Feb 10, 2022
What happens 48 Hours Before Elections?
Malavika Rajkumar and Kadambari Agarwal
48 hours before elections, known as the silence period or pre-election silence, is when all campaign-related or election-related activity is supposed to be halted, and no one, including persons like citizens, journalists, politicians, etc. are allowed to partake in any such activity. This is done to give the voters a peaceful break from being influenced by campaigns so that they may make a considered decision while voting.
Under the Sections 126, 126A and 135C of the Representation of the People Act, 1951 (RP Act), all election-related activities, which are activities intended or likely to influence or affect the results of an election like holding public meetings, giving speeches, etc. are prohibited during the silence period. Most of this is enforced through notifications by the Election Commission of India (ECI). For example, this notification specifies many of the duties and prohibitions in relation with the 2020 General Election to the Legislative Assembly of National Capital Territory of Delhi.
The following is prohibited 48 hours before elections:
Sale of Liquor
The sale or distribution of liquor at places like hotels, shops, restaurants, etc., whether public or private, within a polling area is prohibited.
Section 135C of the RP Act, makes this a punishable offence with imprisonment of up to six months and/or with fine up to Rs. 2,000.
Holding Public Meetings
During this time, no one is allowed to convene or attend or address any public meeting or procession relating to an election. Additionally, no one can hold or arrange any form of entertainment, such as theatrical performances, musical concerts, etc. with the intention of attracting the public to influence them to vote for or against any political party or candidate. Any violation of this may lead to imprisonment of up to two years and/or a fine.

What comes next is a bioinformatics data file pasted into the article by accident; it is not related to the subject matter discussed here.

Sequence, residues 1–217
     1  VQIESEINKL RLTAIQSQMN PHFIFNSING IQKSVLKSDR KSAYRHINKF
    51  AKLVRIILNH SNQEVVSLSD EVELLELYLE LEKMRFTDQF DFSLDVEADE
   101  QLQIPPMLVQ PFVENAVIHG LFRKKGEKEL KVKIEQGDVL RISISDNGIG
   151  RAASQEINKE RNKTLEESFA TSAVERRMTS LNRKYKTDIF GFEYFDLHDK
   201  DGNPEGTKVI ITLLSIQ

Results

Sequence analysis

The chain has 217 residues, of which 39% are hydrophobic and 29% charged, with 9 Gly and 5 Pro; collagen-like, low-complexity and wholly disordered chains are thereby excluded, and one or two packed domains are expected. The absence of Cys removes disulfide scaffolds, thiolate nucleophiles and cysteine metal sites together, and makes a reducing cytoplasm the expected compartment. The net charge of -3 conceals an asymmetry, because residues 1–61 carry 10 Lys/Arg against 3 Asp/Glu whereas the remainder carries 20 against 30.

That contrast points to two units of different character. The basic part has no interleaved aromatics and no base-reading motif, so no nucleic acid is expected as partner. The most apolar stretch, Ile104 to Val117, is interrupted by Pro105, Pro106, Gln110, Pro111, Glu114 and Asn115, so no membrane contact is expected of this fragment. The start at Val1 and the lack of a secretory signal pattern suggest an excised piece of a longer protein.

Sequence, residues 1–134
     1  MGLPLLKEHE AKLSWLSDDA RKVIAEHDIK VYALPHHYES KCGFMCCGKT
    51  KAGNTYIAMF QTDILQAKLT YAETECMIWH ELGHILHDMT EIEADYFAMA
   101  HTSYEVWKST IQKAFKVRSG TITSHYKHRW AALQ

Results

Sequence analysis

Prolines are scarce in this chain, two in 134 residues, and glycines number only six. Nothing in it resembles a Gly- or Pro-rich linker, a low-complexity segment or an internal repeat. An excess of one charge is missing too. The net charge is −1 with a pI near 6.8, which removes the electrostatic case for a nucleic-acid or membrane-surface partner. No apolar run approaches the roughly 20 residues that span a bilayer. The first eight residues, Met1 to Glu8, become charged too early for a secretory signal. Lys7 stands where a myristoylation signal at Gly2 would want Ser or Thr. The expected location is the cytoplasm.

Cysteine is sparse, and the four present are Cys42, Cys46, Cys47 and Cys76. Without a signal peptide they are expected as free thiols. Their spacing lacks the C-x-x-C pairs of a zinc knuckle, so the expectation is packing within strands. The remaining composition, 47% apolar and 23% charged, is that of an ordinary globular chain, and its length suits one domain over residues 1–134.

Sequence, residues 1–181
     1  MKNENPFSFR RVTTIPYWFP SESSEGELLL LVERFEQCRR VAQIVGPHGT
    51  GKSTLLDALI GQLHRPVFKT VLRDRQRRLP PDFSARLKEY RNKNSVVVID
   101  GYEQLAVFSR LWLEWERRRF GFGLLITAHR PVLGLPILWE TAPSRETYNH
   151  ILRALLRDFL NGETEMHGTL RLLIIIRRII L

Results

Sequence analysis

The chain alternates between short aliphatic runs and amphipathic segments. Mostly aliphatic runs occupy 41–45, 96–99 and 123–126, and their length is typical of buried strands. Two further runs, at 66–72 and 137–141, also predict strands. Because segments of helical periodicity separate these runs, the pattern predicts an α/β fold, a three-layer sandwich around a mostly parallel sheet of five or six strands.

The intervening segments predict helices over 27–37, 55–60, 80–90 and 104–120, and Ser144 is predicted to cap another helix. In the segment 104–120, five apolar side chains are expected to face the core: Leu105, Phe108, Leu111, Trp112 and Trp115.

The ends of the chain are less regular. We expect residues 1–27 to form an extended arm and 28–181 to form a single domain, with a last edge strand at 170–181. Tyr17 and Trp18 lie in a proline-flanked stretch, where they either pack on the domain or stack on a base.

Conferences and Interviews
Candidates and political parties are not allowed to address the media on election-related matters through press conferences or interviews. Any violation of this may lead to imprisonment of up to two years and/or a fine.
The ECI has stated that news should be clearly differentiated from advertisements by printing disclaimers, credit lines, and it should be set in a format distinguishable from advertisements. Advertisements, sponsored programmes or reports, including bulk SMS’s, are not supposed to be broadcasted on platforms like television, or the radio with an intention to influence the election results. However, general events relating to a political party, which do not influence the public in any manner, may be broadcasted. Further, advertisements should not be shared to influence neighbouring constituencies. For example, persons in Narela constituency cannot broadcast content that might influence the voters of Burari constituency, if the latter is going to vote.
The Supreme Court in 2013 has directed that no one, including political parties/candidates, individuals, etc., can publish any advertisement in the print media on poll day and one day prior to poll day, unless the contents of political advertisements are pre-certified from the Media Certification and Monitoring Committee (MCMC) at the State or District level. However, any political content in the form of messages, photos, comments, photos, videos posted or uploaded on ‘blogs/self-accounts’ (including the websites of a political party/candidate) do not require pre-certification.
Social media platforms also have a duty to regulate political advertising by making sure that such political advertisements get a pre-certification issued by the ECI or by the MCMC. For example, Google requires a two-step verification of the political advertisement; it is first verified by Google itself and then by the ECI or the attendant authorities, which issue a pre-certificate for the advertisement.
Duty of the Press
No one is allowed to broadcast any news which contains any material that may be construed as influencing or affecting the results of the election. This includes the display of any opinion poll, standard debates, analysis, visuals and sound-bytes, views or appeals by panelists or participants, etc.